Lompe v. Sunridge Partners, LLC

Citation818 F.3d 1041
Decision Date01 April 2016
Docket NumberNo. 14–8082.,14–8082.
Parties Amber Nicole LOMPE, Plaintiff–Appellee, v. SUNRIDGE PARTNERS, LLC; Apartment Management Consultants, LLC, Defendants–Appellants. Chamber of Commerce of the United States of America; American Tort Reform Association; National Federation of Independent Business; National Association of Manufacturers, Amici Curiae.
CourtUnited States Courts of Appeals. United States Court of Appeals (10th Circuit)

Amy F. Sorenson, Snell & Wilmer, LLP, Salt Lake City, UT (Amber M. Mettlerand Douglas P. Farr, Snell & Wilmer, LLP, Salt Lake City, UT, and Patrick J. Murphy, William, Porter, Day & Neville, P.C., Casper, WY, with her on the briefs), for DefendantsAppellants.

Tyson E. Logan, The Spence Law Firm, LLC, Jackson, WY (G. Bryan Ulmer, The Spence Law Firm, LLC, Jackson, WY, and Jonathan S. Massey, Massey & Gail, LLP, Washington, D.C., with him on the brief), for PlaintiffAppellee.

Kate Comerford Toddand Warren Postman, United States Chamber Litigation Center, Washington, D.C., and Evan M. Tagerand Carl J. Summers, Mayer Brown LLP, Washington, D.C., filed an Amicus brief on behalf of The Chamber of Commerce of the United States of America.

Troy L. Booherand Noella A. Sudbury, Zimmerman Jones Booher LLC, Salt Lake City, UT, filed an Amici brief on behalf of the American Tort Reform Association, National Federation of Independent Business, and National Association of Manufacturers.

Before BACHARACH, EBEL, and McHUGH, Circuit Judges.


McHUGH, Circuit Judge.

This appeal challenges the jury's award of punitive damages in a personal injury action. Amber Lompe was exposed to high levels of carbon monoxide (CO) from a malfunctioning furnace in her apartment at the Sunridge Apartments in Casper, Wyoming. Ms. Lompe brought a diversity action in the Federal District Court for the District of Wyoming against Sunridge Partners LLC (Sunridge) and Apartment Management Consultants, L.L.C. (AMC), the owner and the property manager, respectively, of the Sunridge Apartments. The jury found both Defendants liable for negligence and awarded Ms. Lompe compensatory damages totaling $3,000,000 and punitive damages totaling $25,500,000, of which the jury apportioned $3,000,000 against Sunridge and $22,500,000 against AMC.

On appeal, Defendants argue the district court erred in failing to grant their motion for judgment as a matter of law (JMOL) as to punitive damages. Alternatively, they contend the district court's jury instructions on punitive damages were erroneous and the amount of punitive damages awarded against each Defendant was excessive under common law and constitutional standards. Exercising jurisdiction pursuant to 28 U.S.C. § 1291, we hold the evidence was insufficient to submit the question of punitive damages to the jury as to Sunridge and the amount of punitive damages awarded against AMC is grossly excessive and arbitrary in violation of the Due Process Clause of the Fourteenth Amendment. Accordingly, we vacate the award of punitive damages against Sunridge and reduce the punitive damages awarded against AMC from $22,500,000 to $1,950,000.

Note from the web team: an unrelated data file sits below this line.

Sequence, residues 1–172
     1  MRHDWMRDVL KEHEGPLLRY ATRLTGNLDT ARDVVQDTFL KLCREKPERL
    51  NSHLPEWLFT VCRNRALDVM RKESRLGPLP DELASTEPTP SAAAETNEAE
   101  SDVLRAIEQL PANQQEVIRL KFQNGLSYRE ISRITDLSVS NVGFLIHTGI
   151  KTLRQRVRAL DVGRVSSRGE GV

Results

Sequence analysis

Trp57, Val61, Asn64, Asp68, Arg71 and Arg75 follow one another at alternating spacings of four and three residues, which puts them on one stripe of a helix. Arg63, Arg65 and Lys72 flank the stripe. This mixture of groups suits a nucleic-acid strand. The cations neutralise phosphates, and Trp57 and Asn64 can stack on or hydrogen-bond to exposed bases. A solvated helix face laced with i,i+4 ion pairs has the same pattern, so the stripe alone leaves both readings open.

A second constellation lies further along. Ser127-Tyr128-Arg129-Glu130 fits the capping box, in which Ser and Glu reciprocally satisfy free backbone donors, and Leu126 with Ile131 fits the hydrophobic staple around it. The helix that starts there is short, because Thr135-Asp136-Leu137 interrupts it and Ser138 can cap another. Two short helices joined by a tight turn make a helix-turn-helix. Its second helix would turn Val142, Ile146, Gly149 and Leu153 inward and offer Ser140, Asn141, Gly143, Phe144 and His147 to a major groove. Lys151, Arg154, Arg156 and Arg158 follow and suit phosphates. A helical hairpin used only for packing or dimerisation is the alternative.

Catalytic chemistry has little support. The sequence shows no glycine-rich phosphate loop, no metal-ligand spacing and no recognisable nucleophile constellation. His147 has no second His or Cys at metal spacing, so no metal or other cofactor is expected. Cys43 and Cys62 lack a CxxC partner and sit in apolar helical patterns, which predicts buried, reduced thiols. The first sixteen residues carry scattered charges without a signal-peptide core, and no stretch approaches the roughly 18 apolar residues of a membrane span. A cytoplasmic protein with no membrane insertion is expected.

Before addressing the merits of the issues on appeal, we pause to consider our subject-matter jurisdiction. See Arbaugh v. Y & H Corp., 546 U.S. 500, 514, 126 S.Ct. 1235, 163 L.Ed.2d 1097 (2006)(holding that federal courts "have an independent obligation to determine whether subject-matter jurisdiction exists, even in the absence of a challenge from any party"). In her Complaint, Ms. Lompe alleged she is a citizen of Wyoming and Defendants are each limited liability companies (LLCs) with principal offices in Utah. In their responsive pleadings, neither Defendant identified the citizenship of each of the members of the respective LLCs. Nevertheless, the district court asserted jurisdiction based on the diversity of citizenship. See 28 U.S.C. § 1332.

But federal courts must treat LLCs as partnerships for purposes of establishing jurisdiction. Americold Realty Trust v. Conagra Foods, Inc., ––– U.S. ––––, 136 S.Ct. 1012, 1015, 194 L.Ed.2d 71 (2016)(affirming the Tenth Circuit's holding that "the citizenship of any 'non-corporate artificial entity' is determined by considering all of the entity's 'members' "); Siloam Springs Hotel, L.L.C. v. Century Sur. Co., 781 F.3d 1233, 1237–38 (10th Cir.2015)("Supreme Court precedent makes clear that in determining the citizenship of an unincorporated association for purposes of diversity, federal courts must include all the entities' members."). Accordingly, to ensure we have jurisdiction over this matter, we requested more information about the citizenship of each of the members of the LLCs. United States v. Battles, 745 F.3d 436, 447 (10th Cir.2014)("It is axiomatic that we are obliged to independently inquire into the propriety of our jurisdiction."). The parties stipulated to supplemental jurisdictional facts showing the members of Sunridge are each citizens of California and the members of AMC are all citizens of Utah. Based on that information, we conclude the district court properly exercised jurisdiction over this matter under 28 U.S.C. § 1332, and we have jurisdiction over this appeal under 28 U.S.C. § 1291.